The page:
Redirected from Jean Paul Marat
He was a member of the more radical Jacobin faction during the French Revolution, helping to launch The Terror. He advocated doing away with the monarchy and raged against more moderate revolutionary leaders. In July 1790 he wrote "Five or six hundred heads cut off would have assured your repose, freedom and happiness. A false humanity has held your arms and suspended your blows; because of this millions of your brothers will lose their lives". He approved of the September 1792 massacres of jailed "enemies of the Revolution" and established the "Committee of Surveillance" whose role was to rout out antirevolutionaries. Marat composed the death lists from which the innocent and the guilty alike were executed.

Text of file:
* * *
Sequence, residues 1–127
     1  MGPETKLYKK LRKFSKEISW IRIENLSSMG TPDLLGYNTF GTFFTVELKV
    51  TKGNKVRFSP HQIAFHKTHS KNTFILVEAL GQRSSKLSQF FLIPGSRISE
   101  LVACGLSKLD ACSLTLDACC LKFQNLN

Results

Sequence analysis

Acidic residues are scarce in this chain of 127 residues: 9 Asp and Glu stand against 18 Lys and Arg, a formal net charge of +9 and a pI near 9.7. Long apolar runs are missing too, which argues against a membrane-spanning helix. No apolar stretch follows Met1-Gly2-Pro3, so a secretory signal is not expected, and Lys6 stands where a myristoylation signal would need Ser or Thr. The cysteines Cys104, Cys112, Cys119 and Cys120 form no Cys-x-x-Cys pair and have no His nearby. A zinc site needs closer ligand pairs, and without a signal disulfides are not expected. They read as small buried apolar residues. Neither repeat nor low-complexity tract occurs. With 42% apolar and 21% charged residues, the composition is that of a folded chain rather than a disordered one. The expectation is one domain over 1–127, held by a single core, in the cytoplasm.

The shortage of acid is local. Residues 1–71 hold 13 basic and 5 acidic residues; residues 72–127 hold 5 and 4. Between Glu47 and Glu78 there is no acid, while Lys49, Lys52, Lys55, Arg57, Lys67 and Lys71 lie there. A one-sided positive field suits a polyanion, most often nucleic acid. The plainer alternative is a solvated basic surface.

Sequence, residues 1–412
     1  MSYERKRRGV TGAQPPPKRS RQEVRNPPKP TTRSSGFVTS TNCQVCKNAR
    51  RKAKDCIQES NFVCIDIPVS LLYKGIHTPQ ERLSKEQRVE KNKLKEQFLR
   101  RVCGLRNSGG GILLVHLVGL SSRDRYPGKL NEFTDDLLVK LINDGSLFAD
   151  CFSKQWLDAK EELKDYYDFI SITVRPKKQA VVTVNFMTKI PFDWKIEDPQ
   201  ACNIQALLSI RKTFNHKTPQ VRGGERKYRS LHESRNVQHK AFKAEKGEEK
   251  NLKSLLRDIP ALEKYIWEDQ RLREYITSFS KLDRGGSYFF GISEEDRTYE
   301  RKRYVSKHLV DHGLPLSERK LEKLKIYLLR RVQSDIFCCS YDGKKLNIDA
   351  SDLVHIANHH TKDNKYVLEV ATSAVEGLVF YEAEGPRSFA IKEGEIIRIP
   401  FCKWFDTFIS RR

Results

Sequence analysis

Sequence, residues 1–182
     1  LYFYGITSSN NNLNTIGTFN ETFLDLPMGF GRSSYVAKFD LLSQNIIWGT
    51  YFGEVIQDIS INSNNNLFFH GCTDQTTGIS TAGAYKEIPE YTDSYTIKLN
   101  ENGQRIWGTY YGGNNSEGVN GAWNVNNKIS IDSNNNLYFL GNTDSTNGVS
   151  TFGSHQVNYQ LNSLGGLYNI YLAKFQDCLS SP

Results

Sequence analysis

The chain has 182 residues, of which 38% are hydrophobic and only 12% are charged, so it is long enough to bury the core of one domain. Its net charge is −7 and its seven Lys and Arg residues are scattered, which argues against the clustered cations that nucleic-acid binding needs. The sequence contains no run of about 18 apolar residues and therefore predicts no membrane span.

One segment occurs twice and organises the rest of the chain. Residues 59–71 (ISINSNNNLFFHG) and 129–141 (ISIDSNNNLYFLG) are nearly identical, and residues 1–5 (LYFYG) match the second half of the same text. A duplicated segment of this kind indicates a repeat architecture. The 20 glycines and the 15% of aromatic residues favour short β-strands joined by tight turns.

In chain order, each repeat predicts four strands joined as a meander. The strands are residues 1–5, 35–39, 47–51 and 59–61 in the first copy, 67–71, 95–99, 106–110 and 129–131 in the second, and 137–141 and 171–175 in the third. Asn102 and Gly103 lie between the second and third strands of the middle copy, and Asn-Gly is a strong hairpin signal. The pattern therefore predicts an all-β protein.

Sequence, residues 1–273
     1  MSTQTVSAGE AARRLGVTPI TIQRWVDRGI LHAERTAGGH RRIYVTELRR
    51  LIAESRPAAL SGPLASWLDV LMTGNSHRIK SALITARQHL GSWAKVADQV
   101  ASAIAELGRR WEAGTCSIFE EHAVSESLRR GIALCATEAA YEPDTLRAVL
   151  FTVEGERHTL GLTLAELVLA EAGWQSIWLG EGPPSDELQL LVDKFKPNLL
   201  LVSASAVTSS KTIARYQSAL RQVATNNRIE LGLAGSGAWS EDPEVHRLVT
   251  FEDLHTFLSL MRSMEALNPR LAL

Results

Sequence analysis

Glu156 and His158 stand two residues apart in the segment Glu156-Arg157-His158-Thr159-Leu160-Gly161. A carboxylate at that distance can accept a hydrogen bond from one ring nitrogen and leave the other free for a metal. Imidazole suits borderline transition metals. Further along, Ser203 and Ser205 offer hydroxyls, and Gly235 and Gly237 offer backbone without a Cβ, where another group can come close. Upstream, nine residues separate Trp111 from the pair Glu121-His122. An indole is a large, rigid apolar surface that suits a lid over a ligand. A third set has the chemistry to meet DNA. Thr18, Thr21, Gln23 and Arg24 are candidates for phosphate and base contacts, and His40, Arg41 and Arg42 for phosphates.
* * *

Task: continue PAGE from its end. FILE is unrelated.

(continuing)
He was killed in his bathtub by Charlotte Corday in 1793. Madame Corday was a Girondin and her action provoked reprisals in which thousands of enemies of the Jacobins -- royalists and Girondins alike -- were executed on supposed charges of treason. Corday herself was guillotined on July 17, 1793 for the murder.
The Death of Marat is a famous painting by Jacques-Louis David.